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Vortex tube

Streamtek Corp. offers vortex tubes in aluminum or stainless-steel material with a variety of CFM capacities ranging from 2 to 40 CFM. The small vortex tube ranges from 2 to 8 CFM, while the medium vortex tube ranges from 10 to 40 CFM. We also offer two model which have different applicational uses. Model 7500 is designed to provide the modest temperature drop while maximizing cold air output. Model 7700 is designed to provide coldest possible temperature drop, which reduces the cold air output.

$158.00$199.10 USD

Description

What is a Vortex Tube?

The Vortex tube, also known as the Ranque-Hilsch vortex tube, is a mechanical device that divides compressed air into cold and hot streams. The cold streams is an effective, low-cost solution for industrial spot cooling and process cooling applications. Compressed air enters the Vortex Tube and spins at a rate of up to 1,000,000 RPM inside the air chamber. The air travels towards the hot end of the Vortex Tube and once it reaches the end, a small amount is exhausted through a control valve. The remainder of the air is forced back towards the opposite end of the Vortex Tube and it exhausted as cold air. A Vortex Tube can decrease air temperatures by ~115°F (46°C) and raise temperatures by ~200°F (93°C) from the initial air temperature.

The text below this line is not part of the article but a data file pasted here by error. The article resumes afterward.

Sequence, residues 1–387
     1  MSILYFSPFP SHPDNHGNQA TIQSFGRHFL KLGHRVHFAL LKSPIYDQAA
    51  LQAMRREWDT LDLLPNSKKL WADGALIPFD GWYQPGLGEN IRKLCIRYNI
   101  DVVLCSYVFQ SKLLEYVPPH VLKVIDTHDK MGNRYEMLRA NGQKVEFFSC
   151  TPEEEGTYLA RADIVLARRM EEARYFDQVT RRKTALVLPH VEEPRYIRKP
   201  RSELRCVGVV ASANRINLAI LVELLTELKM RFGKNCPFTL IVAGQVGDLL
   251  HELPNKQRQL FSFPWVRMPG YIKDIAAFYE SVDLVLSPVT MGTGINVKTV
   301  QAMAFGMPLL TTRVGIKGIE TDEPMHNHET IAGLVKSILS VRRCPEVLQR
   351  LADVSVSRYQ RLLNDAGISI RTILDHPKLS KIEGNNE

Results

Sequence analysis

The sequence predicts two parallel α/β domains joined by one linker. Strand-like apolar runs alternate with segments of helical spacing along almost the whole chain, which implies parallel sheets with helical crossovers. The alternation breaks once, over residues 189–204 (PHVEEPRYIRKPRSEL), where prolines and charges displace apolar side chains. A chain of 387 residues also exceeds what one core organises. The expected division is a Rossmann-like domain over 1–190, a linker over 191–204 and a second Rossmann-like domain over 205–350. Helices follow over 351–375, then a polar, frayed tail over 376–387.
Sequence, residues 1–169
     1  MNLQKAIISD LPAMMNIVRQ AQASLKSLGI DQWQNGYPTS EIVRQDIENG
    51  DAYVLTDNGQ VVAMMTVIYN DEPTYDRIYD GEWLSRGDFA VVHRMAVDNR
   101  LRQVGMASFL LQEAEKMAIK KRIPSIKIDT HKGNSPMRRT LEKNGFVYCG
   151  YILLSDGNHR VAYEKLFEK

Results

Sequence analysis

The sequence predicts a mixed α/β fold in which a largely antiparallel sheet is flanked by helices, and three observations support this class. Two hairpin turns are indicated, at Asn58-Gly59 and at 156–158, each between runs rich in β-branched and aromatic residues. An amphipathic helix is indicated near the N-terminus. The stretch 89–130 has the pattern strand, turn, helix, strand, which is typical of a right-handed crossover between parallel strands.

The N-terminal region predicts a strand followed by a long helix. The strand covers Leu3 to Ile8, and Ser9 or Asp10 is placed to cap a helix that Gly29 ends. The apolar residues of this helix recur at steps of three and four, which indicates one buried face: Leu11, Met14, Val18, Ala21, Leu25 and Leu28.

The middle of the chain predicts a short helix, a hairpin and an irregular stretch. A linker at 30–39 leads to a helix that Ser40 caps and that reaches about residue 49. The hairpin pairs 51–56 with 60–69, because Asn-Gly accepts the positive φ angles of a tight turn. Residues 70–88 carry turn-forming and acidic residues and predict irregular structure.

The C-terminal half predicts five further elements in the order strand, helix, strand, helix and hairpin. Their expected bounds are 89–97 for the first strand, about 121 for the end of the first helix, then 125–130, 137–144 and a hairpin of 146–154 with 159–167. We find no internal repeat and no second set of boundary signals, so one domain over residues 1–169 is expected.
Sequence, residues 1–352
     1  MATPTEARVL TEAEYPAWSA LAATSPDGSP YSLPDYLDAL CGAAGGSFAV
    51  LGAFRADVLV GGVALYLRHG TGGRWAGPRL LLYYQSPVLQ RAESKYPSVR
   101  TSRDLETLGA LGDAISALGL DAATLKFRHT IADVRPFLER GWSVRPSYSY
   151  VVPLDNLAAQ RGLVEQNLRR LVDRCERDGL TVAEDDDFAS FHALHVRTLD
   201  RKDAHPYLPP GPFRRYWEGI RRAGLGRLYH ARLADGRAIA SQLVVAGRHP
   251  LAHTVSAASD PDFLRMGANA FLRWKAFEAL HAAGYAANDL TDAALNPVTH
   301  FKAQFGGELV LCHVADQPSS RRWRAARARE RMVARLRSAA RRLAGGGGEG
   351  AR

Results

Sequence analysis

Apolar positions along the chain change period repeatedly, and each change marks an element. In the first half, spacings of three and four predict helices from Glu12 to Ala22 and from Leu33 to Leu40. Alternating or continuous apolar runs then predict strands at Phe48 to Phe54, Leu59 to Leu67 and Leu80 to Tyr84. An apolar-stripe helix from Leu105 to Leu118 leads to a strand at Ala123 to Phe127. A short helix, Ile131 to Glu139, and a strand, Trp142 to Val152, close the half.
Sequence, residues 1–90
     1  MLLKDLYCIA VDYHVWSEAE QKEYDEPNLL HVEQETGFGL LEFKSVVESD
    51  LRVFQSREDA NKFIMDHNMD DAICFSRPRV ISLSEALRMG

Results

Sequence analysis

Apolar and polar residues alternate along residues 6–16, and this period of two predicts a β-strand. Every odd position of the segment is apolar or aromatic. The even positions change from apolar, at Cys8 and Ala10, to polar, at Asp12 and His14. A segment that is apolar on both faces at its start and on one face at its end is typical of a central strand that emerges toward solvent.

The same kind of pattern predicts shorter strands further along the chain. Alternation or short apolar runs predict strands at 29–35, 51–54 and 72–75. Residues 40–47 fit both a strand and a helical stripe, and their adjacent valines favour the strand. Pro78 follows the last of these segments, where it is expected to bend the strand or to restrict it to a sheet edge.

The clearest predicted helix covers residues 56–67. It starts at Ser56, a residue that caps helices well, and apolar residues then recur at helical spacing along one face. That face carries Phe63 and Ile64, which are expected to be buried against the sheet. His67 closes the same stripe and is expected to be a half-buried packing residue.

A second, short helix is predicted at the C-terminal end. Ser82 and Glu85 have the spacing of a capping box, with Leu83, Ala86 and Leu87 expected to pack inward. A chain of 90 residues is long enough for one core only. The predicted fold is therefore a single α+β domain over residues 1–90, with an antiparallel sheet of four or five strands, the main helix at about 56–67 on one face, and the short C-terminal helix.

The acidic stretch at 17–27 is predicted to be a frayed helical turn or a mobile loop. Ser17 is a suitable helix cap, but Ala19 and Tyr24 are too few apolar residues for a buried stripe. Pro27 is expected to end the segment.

What types of  Vortex Tubes do we carry?

Streamtek offers two models of Vortex Tube; the 7500 and the 7700 Series.

The 7500 Series Vortex Tubes are engineered to provide optimal temperature drop while maintaining strong air flow.

7700 Series Vortex Tubes are engineered to provide the maximum possible temperature drop while sacrificing some airflow. 7700 Series Vortex Tubes should only be used in special applications where the temperature requirement is below 20°C.

Small Vortex Tube

Medium Vortex Tube

Aluminum Vortex Tube

Material

Stainless Steel

Stainless Steel

Aluminum

BTU rating

145 – 560 BTU/Hr.

700 – 2800 BTU/Hr.

700 – 2800 BTU/Hr.

Air consumption

2 SCFM – 8 SCFM

10 SCFM – 40 SCFM

10 SCFM – 40 SCFM

 

How does a Vortex Tube work?


(A) Compressed air, normally 80 to 100 PSIG (5.5 – 6.9 BAR) enters the Vortex Tube through a standard NPTM inlet and tangentially through a generator into the vortex spin chamber.

(B) This air stream spinning at up to 1,000,000 RPM travels in one direction along the small (hot end) tube and then is forced back through the center of this outer vortex.